Stephanie Duncan : Empathy : January 2020

Southern Legitimacy Statement: I am from southeastern Kentucky, the land that is not quite South but nowhere near North, but I moved to Tennessee in 2010. I live in a place of fierce loyalty, small town gossip (used only for prayers), eccentric people, and mind-your-manners. I feel terrible if someone comes to my house and I forget to offer them something to drink or a bite to eat.


Along a gray highway, a lone man waves at random cars. He doesn’t want picked up, not that anybody would. As he nears our house, he tries to wave at us, too. His hand moves side to side at the end of his large shoulder as he slings his white-yellowed hair behind him like a cape. The stringy ends lay flat against his jean back.

“Get in this house, kids,” Momma hisses from the front door. Our bicycles flop on the lawn like books slapping shut.

After shoving our little backs inside, Momma snaps the blinds shut. Her eyes peek at him as he meanders past our house. She makes us stay inside until he is a speck the size of my thumb.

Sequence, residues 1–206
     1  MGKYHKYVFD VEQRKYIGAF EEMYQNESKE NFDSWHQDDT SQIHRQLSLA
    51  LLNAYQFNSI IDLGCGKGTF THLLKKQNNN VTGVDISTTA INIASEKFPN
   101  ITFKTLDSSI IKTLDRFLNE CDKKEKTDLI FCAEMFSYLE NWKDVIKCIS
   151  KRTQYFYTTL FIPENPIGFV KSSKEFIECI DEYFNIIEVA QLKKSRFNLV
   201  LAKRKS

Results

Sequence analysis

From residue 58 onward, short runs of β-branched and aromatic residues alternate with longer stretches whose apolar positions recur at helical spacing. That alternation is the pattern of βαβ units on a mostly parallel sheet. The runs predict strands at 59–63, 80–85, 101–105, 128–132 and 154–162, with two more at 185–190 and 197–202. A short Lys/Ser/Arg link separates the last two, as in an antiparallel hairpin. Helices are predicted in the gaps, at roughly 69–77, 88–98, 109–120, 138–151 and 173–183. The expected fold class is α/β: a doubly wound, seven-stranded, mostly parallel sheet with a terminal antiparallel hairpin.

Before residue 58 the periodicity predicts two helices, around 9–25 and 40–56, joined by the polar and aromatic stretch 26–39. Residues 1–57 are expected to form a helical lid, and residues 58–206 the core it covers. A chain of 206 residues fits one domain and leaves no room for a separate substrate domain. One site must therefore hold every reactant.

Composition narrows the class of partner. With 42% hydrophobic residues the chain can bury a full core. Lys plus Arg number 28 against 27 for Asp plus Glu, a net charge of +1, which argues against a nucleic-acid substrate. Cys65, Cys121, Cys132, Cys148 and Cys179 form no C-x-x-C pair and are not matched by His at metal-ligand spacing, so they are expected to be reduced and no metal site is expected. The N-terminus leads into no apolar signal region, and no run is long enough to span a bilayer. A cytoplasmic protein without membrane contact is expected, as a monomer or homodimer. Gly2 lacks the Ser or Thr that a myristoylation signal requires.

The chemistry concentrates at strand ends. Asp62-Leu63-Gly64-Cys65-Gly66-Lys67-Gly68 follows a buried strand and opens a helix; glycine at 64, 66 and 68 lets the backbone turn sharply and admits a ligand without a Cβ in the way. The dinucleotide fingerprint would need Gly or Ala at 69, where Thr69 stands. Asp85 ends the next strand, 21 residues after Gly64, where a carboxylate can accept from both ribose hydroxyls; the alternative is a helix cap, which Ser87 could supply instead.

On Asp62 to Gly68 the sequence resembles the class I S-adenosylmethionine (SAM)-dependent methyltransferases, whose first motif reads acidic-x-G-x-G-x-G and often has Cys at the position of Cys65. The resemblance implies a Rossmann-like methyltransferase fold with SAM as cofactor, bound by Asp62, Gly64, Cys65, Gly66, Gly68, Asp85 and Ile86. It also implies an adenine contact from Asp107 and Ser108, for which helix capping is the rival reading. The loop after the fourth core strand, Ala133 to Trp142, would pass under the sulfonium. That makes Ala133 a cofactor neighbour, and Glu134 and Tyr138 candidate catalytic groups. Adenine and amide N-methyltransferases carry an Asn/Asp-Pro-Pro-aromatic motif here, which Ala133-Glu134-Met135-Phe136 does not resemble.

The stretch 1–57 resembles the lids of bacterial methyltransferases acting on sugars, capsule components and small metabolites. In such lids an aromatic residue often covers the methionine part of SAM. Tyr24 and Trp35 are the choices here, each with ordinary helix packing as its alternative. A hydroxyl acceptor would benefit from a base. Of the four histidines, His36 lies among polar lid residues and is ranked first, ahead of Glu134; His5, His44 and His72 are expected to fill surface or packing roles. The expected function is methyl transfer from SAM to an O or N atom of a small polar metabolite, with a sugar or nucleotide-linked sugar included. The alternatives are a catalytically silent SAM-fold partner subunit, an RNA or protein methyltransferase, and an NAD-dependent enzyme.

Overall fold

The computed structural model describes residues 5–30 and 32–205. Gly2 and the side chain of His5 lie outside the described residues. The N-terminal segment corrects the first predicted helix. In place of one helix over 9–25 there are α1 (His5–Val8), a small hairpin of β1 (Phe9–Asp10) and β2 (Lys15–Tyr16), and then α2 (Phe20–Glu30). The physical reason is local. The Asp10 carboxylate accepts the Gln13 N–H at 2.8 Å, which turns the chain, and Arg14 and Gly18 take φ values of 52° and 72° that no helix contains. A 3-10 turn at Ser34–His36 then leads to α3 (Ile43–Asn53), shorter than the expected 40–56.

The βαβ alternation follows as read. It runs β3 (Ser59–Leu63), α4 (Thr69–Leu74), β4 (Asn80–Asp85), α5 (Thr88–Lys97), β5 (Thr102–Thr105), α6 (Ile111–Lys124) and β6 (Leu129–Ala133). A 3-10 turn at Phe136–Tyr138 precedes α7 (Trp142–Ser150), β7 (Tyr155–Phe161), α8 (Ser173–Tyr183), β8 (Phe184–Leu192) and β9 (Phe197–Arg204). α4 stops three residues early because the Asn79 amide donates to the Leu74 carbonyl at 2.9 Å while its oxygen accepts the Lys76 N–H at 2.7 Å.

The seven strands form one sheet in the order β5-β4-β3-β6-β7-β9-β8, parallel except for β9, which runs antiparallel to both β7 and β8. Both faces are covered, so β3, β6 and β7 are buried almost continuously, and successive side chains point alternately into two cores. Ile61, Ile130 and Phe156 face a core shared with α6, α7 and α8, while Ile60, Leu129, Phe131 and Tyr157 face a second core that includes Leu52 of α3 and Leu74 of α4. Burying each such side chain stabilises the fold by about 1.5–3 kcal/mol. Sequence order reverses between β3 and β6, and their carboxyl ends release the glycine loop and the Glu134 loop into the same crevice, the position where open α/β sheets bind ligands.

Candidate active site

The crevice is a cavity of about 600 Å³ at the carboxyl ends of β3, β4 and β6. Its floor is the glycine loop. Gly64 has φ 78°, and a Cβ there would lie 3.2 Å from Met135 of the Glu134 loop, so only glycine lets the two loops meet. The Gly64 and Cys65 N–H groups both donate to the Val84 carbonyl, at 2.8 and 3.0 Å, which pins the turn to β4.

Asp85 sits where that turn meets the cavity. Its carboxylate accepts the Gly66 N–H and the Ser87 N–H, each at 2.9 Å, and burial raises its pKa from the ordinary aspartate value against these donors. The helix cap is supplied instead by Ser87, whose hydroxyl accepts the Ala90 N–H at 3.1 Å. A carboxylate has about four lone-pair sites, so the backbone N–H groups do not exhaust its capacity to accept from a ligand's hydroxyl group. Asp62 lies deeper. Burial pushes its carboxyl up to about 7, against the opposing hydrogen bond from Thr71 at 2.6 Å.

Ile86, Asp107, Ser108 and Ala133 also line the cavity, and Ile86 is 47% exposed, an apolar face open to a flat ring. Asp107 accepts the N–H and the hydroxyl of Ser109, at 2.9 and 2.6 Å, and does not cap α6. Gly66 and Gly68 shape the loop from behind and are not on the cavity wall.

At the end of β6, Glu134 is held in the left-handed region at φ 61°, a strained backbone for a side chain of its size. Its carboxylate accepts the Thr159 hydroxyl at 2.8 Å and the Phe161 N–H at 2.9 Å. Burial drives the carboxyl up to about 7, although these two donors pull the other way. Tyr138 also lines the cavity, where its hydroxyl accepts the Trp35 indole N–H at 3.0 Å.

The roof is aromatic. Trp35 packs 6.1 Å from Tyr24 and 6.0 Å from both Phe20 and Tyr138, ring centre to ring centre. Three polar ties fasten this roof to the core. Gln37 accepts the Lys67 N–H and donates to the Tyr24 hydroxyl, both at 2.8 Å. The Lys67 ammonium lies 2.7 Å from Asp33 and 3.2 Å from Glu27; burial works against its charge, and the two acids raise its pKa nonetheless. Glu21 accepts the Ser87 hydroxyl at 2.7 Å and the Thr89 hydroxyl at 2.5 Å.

“That crazy old thing tried to eat a mailbox last week. I saw him lick the metal and it made my teeth hurt,” my ten-year-old brother says while scrunching his freckled nose.

“Yuck. That’s gross,” my sister replies.

“Shh…” Momma puts a polished finger up to her lips. “Don’t talk about it. It gives me the creeps. I don’t like him coming around here while you kids are trying to play.” Once she’s sure he’s gone, she opens the blinds with a twirl of her hand.

I think about his lonesome figure moving slowly down the road. It’s hot today, and I wonder why he’s wearing a jacket. I don’t understand where he’s always going or where he’s been.

“Supper’s almost ready anyhow. Momma’s outdone herself today,” Dad interrupts my thoughts as he diverts our attention from the poor old man.

We gather around a table filled with shiny ham, greasy beans, and freshly sliced tomatoes.
I wonder why a body would want to eat mailboxes.